If you hold it in a SIPP (a form of pension), you need to put the SIPP into Drawdown before you can access the cash. This in turn means that you need to be 55 years old.

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What age do you need it from?

As soon as you start saving, so ideally no later than 25.

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What age do you need it until?

For the rest of your life. You will be living off your OEICs in retirement (decumulation).

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How much does it cost?

Costs vary widely, both in terms of the OEICs themselves and the wrappers and platforms you hold them on.

  • Remember to add on the platform holding fees when working out what your annual charge will be.

The better platforms will include a “Core” range of perhaps a dozen OEICs that are relatively cheap (0.07% to 0.25% pa). The drawback will be that less than a dozen asset classes will be covered.

For many people this will not be a problem. For those who want exposure to long-term potential growth across all asset classes, additional – higher-cost – OIECs will need to be added.

Including platform fees, a basic portfolio might cost 0.4% to 0.6% pa.

  • Adding in more specialist OIECs might take this charge up to 0.9% to 1.2% pa.

Annual fees compound significantly over long periods of time, and you should aim to get your annual costs down into the 0.4% to 0.6% range.

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What’s in it?

Unlike ETFs, which sometimes create their portfolios “synthetically” via specialised contracts with banks, OEICs generally hold the underlying assets that the fund specialises in.

  • For index trackers this means replicating the index, and buying and selling stocks as they join and leave it.
  • Some will hold only a sub-set of the constituents – these may be cheaper, but may not track the index quite as well.
See also:  Crowdfunding- Elements 30

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What does a good one look like?

As with ETFs, there are four things to look for in an index tracking OEIC:

  1. it comes from a reliable provider
  2. it’s big (has a lot of funds under management)
  3. it has low running costs (annual charges) for the asset class that it covers
  4. it has a track record of sticking close to its target index

For actively managed OEICs, substitute outperforming its index for sticking close to it.

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What does a bad one look like?

A bad ETF has the opposite four features:

  1. it comes from a new and unproven provider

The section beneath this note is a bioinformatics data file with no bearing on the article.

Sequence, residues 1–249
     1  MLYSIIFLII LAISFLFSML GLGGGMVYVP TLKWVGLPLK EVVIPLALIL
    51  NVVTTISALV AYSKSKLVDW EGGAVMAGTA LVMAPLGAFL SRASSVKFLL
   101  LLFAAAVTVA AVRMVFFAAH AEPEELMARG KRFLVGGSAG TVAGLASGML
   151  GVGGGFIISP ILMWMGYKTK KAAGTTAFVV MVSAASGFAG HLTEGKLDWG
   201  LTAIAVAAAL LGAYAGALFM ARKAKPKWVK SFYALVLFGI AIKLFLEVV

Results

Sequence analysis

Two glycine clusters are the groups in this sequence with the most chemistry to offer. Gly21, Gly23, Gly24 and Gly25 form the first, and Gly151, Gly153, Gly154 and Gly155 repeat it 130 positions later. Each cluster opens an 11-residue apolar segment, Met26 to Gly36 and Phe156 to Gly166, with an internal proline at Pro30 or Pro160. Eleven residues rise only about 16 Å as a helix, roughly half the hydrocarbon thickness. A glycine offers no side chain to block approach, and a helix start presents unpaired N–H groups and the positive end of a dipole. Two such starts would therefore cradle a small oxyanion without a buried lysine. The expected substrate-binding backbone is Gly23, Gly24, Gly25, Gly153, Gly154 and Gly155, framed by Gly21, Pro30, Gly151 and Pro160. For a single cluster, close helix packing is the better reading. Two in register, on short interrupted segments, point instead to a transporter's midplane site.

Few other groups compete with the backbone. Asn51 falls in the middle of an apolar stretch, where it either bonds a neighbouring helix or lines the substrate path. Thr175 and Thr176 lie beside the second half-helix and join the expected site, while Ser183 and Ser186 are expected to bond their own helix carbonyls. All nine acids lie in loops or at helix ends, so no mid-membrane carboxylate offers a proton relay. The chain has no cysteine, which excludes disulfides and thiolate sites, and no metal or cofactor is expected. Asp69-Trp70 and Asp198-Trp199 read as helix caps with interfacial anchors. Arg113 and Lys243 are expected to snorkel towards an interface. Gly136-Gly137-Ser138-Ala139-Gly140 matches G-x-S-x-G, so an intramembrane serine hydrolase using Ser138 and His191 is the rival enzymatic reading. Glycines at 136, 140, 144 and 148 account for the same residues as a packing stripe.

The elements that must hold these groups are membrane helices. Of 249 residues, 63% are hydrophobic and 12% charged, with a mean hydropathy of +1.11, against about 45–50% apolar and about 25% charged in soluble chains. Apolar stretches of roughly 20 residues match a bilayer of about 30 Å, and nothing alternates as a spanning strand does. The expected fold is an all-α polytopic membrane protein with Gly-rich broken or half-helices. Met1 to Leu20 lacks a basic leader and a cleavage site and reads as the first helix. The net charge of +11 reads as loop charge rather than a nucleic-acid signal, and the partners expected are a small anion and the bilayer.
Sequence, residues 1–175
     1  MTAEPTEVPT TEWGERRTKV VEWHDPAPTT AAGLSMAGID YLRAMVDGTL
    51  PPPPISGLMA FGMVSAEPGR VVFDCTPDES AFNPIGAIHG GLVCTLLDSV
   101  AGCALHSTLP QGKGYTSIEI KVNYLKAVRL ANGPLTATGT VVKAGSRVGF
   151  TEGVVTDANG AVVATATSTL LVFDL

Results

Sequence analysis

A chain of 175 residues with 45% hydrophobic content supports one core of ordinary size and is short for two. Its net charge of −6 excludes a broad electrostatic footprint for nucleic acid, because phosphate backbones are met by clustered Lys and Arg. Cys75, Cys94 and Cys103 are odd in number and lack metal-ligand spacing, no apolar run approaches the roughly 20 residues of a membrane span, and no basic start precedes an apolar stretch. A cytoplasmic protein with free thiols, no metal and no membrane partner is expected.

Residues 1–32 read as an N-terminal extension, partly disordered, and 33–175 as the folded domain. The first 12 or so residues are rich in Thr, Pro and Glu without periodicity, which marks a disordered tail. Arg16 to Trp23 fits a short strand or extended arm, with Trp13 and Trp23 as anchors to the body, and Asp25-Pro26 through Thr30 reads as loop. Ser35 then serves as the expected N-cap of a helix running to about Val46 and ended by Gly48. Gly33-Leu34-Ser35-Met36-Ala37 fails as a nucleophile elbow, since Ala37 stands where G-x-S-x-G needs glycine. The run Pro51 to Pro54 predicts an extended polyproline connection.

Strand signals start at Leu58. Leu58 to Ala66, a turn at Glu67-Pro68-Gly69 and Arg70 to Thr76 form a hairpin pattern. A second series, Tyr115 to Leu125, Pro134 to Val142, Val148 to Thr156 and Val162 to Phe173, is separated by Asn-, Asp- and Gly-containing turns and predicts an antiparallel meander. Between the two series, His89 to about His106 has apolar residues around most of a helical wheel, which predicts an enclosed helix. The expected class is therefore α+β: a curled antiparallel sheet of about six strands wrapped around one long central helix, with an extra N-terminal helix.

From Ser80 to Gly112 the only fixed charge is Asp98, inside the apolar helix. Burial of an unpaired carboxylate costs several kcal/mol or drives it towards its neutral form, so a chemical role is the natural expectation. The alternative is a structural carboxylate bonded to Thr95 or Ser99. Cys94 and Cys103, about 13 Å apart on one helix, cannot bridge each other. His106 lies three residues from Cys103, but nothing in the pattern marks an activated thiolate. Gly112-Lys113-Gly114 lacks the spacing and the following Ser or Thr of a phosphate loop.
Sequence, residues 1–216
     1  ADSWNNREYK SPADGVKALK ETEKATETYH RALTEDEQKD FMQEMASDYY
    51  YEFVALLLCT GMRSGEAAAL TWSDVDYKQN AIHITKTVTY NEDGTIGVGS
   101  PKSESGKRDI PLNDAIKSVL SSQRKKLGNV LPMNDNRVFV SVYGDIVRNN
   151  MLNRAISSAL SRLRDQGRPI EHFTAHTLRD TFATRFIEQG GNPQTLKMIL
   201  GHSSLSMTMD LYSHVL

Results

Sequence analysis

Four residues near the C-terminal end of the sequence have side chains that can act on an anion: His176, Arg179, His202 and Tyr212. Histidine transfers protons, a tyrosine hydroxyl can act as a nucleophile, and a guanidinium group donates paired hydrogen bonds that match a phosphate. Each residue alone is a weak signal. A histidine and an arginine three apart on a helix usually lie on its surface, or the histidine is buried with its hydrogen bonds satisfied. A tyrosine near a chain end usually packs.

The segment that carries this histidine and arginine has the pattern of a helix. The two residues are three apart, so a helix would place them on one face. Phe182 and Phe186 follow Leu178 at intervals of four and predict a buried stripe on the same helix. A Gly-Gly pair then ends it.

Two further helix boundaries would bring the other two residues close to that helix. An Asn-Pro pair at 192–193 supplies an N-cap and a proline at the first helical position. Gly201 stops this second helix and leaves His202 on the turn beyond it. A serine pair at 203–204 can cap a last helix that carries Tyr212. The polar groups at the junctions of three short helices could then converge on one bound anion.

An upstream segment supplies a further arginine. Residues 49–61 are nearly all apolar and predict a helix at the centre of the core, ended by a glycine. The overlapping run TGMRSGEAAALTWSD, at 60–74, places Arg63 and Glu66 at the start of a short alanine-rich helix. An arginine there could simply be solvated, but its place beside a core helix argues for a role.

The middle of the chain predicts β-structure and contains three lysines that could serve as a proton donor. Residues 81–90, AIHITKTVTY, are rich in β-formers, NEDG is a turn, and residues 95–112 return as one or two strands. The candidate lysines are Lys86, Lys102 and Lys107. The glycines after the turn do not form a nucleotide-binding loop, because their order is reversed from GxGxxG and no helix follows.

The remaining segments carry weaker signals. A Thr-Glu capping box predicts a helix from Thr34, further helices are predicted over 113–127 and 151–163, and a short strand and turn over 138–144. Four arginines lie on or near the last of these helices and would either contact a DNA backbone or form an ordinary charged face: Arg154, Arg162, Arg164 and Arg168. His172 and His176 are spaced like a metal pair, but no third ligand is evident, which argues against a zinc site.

2. it’s small
  3. it has high charges for its asset class
  4. it has no track record, or a track record of drifting far from its index, or underperforming its index

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Any recommended brands?

It’s been a long time since I bought any OEICs.

  • Good brands in the index tracking space are L&G, HSBC, Fidelity and BlackRock.

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What are the main risks?

The main potential problem with open-ended funds is liquidity.

  • If you hold shares in a property fund, and there are widespread fears that property values might fall2 then lots of people will try to sell the fund.
  • The fund can’t sell the underlying buildings that quickly, and once its cash buffer is used up, it will be forced to suspend redemptions.

OEICs are not a good way to access illiquid assets.

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Another risk, but one that averages out over time, is that OEICs use forward pricing.

  • They are valued once a day (normally at noon) and all orders received since the previous valuation are executed at that price.
  • So you don’t know what price you will get when you order.
  • The price is as likely to be better than expected as it is to be worse, so this is nothing to worry about.

OEICs rarely have two prices (for buy and sell, known as a bid-offer spread) they generally trade at a single price.

  • Unit trusts (some still exist) often have two prices.

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How do you deal with these risks?

Don’t buy any OEICs that invest in things that aren’t traded daily on an exchange.

  1. ETFs have a special mechanism operated by the issuer to ensure that they don’t []
  2. As happened after the Brexit referendum in June 2015 []

Mike Rawson

Mike is the owner of 7 Circles, and a private investor living in London. He has been managing his own money for 35 years, with some success.

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OEICs (Funds) – Elements 6

by Mike Rawson time to read: 5 min